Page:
Seeing Through The Eyes Of The Polish Revolution

Author : Jack M. Bloom
ISBN : 9789004252769
Genre : Political Science
File Size : 68. 49 MB
Format : PDF, Mobi
Download : 850
Read : 1088

Download Now


Jack M. Bloom presents a moving account of how an opposition developed and triumphed in communist Poland, showing the perspectives and experiences of the participants, while often letting them recount their own stories and explain their thinking.

The Zookeeper S Wife

Author : Diane Ackerman
ISBN : 0755365038
Genre : Holocaust, Jewish (1939-1945)
File Size : 83. 87 MB
Format : PDF, ePub, Mobi
Download : 895
Read : 1236

Download Now


When Germany invades Poland, Luftwaffe bombers devastate Warsaw and the city's zoo along with it. With most of their animals killed, or stolen away to Berlin, zookeepers Jan and Antonina Zabinski begin smuggling Jews into the empty cages. As the war escalates Jan becomes increasingly involved in the anti-Nazi resistance. Ammunition is buried in the elephant enclosure and explosives stored in the animal hospital. Plans are prepared for what will become the Warsaw uprising. Through the ever-present fear of discovery, Antonina must keep her unusual household afloat, caring for both its human and animal inhabitants - otters, a badger, hyena pups, lynxes - as Europe crumbles around them. Written with the narrative drive and emotional punch of a novel, The Zookeeper's Wife is a remarkable true story. It shows us the human and personal impact of war - of life in the Warsaw Ghetto, of fighting in the anti-Nazi resistance. But more than anything it is a story of decency and sacrifice triumphing over terror and oppression. Jan and Antonina saved over 300 people from the death camps of the Holocaust. It has already been acclaimed by Jonathan Safran Foer: 'I can't imagine a better story or storyteller. The Zookeeper's Wife will touch every nerve you have.'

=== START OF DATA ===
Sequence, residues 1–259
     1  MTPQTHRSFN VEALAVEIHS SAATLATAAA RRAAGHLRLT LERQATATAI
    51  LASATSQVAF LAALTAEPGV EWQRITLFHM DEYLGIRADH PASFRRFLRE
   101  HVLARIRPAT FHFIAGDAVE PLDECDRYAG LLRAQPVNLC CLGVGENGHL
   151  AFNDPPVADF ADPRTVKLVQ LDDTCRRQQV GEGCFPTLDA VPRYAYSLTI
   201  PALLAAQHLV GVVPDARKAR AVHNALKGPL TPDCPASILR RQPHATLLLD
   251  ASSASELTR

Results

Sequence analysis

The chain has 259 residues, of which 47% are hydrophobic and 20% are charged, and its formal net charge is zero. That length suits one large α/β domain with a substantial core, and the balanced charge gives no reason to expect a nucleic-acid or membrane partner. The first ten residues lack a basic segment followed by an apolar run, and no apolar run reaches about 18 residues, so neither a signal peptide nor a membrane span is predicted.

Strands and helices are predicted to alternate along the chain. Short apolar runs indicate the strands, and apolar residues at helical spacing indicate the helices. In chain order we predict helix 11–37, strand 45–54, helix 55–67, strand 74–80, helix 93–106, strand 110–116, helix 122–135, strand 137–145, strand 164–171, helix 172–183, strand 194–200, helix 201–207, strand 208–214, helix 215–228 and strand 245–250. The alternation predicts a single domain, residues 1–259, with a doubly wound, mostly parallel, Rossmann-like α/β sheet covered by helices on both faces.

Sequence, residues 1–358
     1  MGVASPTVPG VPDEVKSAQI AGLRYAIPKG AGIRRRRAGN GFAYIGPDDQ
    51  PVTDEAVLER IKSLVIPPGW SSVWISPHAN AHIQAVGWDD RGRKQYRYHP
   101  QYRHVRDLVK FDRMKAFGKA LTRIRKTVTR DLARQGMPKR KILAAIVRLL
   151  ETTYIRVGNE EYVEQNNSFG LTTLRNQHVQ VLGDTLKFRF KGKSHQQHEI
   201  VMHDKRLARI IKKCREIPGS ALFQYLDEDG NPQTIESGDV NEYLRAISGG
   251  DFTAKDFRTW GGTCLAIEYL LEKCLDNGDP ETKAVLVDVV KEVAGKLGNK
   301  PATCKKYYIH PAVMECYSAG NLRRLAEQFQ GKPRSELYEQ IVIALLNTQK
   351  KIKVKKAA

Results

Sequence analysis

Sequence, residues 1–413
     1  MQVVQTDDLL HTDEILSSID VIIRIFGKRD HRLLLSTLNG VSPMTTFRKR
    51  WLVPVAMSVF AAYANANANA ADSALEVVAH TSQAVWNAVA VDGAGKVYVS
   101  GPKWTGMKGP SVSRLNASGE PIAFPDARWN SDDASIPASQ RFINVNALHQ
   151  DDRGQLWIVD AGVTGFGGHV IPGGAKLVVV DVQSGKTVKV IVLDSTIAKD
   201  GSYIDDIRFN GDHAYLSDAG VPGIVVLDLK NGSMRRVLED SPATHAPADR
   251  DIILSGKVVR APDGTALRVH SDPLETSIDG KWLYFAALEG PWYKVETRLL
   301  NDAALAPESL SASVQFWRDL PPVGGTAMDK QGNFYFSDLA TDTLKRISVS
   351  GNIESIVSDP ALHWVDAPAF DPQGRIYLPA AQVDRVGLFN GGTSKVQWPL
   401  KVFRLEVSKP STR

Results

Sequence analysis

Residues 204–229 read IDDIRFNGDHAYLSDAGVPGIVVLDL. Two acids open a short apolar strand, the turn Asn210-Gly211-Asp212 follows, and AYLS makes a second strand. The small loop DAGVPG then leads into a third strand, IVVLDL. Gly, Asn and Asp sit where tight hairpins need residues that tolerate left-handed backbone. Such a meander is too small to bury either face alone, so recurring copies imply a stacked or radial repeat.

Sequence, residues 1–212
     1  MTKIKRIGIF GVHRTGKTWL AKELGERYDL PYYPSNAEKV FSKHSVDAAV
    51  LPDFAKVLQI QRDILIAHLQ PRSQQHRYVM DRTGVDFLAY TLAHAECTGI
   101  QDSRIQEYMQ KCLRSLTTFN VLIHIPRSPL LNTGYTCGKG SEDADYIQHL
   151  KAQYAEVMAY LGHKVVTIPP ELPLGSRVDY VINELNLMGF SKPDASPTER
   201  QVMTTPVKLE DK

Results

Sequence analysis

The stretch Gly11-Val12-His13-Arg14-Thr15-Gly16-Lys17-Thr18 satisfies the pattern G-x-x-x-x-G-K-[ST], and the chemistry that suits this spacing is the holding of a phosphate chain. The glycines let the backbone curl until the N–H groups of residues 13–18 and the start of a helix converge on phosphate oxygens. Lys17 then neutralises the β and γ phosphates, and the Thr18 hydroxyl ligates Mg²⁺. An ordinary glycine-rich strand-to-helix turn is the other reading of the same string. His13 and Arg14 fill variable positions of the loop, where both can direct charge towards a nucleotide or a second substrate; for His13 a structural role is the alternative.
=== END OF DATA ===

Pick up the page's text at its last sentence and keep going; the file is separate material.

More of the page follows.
The Crime And The Silence

Author : Anna Bikont
ISBN : 9780374710323
Genre : History
File Size : 27. 69 MB
Format : PDF, ePub
Download : 599
Read : 1211

Download Now